Indirect hydraulic and traction lifts rely on hoist ropes to ascend and descend. The term ‘Rope Ratio’ refers to the amount of rope a lift motor has to move in order to raise a lift car by the distance specified when the lift is called. Rope ratio varies depending on the type and size of lift a building has installed.
Originally, lifts possessed geared motors that provided a rope ratio of 1:1. This meant the motor had to move 10 metres of rope in order for the lift car to raise 10 metres. This rope ratio enables lift cars to travel at a faster speed, equal to the speed at which the rope is being provided.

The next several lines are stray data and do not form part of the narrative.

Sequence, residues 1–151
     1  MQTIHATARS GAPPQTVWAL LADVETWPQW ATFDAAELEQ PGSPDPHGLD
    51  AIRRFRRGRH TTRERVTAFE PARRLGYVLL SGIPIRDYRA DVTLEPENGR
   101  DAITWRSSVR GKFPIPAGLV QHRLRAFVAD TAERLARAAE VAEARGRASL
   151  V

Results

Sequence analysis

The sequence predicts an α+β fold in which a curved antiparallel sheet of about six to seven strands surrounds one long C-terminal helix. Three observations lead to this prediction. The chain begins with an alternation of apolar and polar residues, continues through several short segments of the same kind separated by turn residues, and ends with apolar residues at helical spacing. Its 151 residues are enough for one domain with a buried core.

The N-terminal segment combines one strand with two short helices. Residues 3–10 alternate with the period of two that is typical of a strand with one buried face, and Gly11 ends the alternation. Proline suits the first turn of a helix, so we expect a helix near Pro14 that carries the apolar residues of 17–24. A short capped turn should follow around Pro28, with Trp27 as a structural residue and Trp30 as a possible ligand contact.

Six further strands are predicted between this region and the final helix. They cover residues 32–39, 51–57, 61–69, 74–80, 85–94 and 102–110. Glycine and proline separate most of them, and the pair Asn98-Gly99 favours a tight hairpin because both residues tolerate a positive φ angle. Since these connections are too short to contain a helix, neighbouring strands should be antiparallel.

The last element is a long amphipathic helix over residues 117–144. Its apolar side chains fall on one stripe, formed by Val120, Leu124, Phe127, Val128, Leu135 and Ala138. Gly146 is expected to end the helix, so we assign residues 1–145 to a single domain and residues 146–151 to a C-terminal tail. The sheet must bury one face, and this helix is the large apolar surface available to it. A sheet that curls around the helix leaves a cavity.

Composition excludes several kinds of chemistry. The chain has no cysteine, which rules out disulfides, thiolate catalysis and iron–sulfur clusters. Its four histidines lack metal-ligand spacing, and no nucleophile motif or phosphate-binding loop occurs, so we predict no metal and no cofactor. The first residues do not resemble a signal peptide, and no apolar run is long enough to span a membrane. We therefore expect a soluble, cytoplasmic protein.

Traction motors have progressed throughout the years and now feature gearless motors. Consequently, lifts now have to provide 20 metres of rope for the lift car to raise 10 metres; hence, the rope ratio alters from 1:1 to 2:1. A rope ratio of 2:1 leads to the lift car travelling at a speed one half of the speed of the rope.
Although it isn’t very common, rope ratios greater than 2:1 do exist. However, these are prevalent in much larger lifts such as those able to lift larger than 5000kg. Examples of these lifts are the Greenwich (4:1) and Woolwich (2:1) foot tunnel lifts. Because these lifts carry a larger weight load, they require a larger rope ratio; therefore, the lift travels at a much slower speed in comparison to the average 1000kg lift due to the amount of rope required to feed through.